You are hereColombian Red Tail Boa, Boa constrictor imperator

Colombian Red Tail Boa, Boa constrictor imperator


Columbian red tail boa Boa constrictor imperatorKingdom: Animalia

Phylum: Chordata

Class: Reptilia

Order: Squamata

Family: Boidae

Genus: Boa

Species: constrictor

Subspecies: imperator

Introduction: Colombian Red Tail Boas are large constricting snakes that can attain sizes ranging from 8ft to 13ft. Columbian Red Tail Boas are native to Columbia in South America. They inhabit dense humid forests but can be encountered on farm land as well. They are active both day and night, but are largly crepescular, prefering to stalk their habitat at dusk and dawn. They prey mostly on mammals and birds, however as neonates and juveniles, frogs and small lizards are also on the menu. They hunt and catch their prey, subduing the prey within their powerful constrictive coil.

Acclimation and Quarantine: Wild caught specimens can be difficult to start feeding.

First, be sure to address any potential parasite load. Wild caught snakes should be treated for parasites as soon as possible after purchase.

Fresh imports may also be dehydrated. Place the snake in a deli cup or bucket filled to about one inch with lukewarm water. This method is very effective as the snakes will often drink while they soak.

Quarantine and acclimation enclosures need not be elaborate, instead they should be sterile and easy to clean. Plastic storage bins are often used for such enclosures as they are easy to clean, come in a variety of sizes, and most provide the security needed for a freshly imported snake. Paper towels, newspapers, or other easily cleaned materials may be used as the substrate. A hide box will provide additional security. A ceramic water dish should be used as the water bowl as these are strong and heavy bodied snakes and are likely to tip over anything plastic. This setup should be used until the snake is feeding regularly and appears to be in good health.

Housing: Once the boa is acclimated and feeding well it may be put into a permanent cage. Neonates and juveniles can be kept in 10-30 gallon tanks. Vertical space is not a necessity but is prefered as these snakes are as much at home in the trees as they are on the ground.

A minimum cage for a single adult animal should be 72”x36”x24”(LxWxH). Glass, plastic and wood enclosures can all be used. Furnishing the enclosure is of personal preference. Branches can be used in the furnishing of the enclosure. Hide boxes should also be placed on each end of the cage to provide the snake with a sense of security as they thermoregulate. Artificial foliage may be added to the cage to provide the snake with more places to hide.

For substrate, aspen,soil, mulch, ground coconut, and sphagnum moss are all acceptable as these will help to retain the proper humidity levels the snake needs to thrive. Many people use newspaper as well.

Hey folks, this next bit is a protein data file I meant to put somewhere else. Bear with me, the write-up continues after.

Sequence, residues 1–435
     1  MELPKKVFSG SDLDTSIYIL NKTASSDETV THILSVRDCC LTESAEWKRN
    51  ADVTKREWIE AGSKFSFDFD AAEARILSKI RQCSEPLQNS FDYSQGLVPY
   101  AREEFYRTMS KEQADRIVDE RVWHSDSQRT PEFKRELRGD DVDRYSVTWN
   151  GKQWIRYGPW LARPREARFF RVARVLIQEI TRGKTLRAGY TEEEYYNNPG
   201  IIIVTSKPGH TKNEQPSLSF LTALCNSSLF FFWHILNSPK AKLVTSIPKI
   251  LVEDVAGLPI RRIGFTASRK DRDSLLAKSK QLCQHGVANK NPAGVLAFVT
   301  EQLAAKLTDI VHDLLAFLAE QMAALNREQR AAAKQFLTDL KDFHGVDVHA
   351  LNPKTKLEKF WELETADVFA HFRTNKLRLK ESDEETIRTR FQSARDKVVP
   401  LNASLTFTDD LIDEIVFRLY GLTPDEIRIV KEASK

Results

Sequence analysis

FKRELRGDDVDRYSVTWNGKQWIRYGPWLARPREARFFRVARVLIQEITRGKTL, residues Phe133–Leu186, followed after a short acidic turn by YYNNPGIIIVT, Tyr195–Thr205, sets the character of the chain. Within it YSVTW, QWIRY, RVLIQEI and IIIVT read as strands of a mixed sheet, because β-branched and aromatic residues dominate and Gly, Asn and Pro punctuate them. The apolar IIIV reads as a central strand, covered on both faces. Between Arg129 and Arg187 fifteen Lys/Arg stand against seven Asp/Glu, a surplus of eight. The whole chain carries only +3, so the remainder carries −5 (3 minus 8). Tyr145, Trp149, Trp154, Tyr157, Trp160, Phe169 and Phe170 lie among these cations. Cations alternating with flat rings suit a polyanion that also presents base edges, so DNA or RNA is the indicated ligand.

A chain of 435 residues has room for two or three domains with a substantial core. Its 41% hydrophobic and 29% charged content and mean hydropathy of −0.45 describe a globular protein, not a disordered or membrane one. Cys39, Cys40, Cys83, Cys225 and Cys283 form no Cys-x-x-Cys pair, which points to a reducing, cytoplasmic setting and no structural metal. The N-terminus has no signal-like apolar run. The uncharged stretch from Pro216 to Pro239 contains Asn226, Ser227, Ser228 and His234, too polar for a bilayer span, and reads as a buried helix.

Humidity: Colombians thrive in environments with high humidity. The ideal humidity range would be between 60-80%, but moments above and below this range are acceptable for short periods of time. If the appropriate humidity is not provided the snake may experience health problems. To achieve the necessary humidity simply spray the cage once or twice a day/evening with fresh water and provide a fresh bowl of water. When spraying the cage it is important to make sure that the substrate remains damp but not soggy. If too much moisture is present, the snake could develop scale or respiratory infections.

Lighting and Heating: There should be a thermal gradient in the cage so that the snake may choose the area of the cage where it is most comfortable. The warmest extreme of the cage should be between 85-90 degrees Fahrenheit, while the cooler side of the cage should be between 75-80 degrees Fahrenheit. It is extremely important that the snake is provided with this thermal gradient so they can escape the heat. At night there should be a slight drop in temperature, preferably of about ten degrees. Heat pads, cable, tape and basking lights are all great ways to provide heat.

Feeding: Feeding is straight forward. Prey should be an appropriate size relative to that of the snake you are feeding. Feed neonates and juveniles frequently to ensure rapid growth. A pinky/fuzzy or two twice a week is a good regimen. For adults 2-3 mice or small rats once a week will suffice. Feed snakes in an enclosure other than what the snake lives in. By doing this, the likely hood of an aggressive feeding response when you open the cage will be reduced. The feeding container can be bear bottom to ensure that the snake only swallows it's food and not any bedding which can lead to a mouth infection or an impaction in the stomach. Neonates and wild caught animals may be difficult to initiate feeding, however once they accept their first meal they normally continue to feed well from then on. To entice a reluctant snake to feed try placing the animal in a restricted container such as a deli dish in order to keep the food and it's scent in close proximity to the snake. Leave it alone for about 24 hours. See our "How To" section for additional tips on How to entice a reluctant snake to feed.

Water: A dish of fresh water should always be available.

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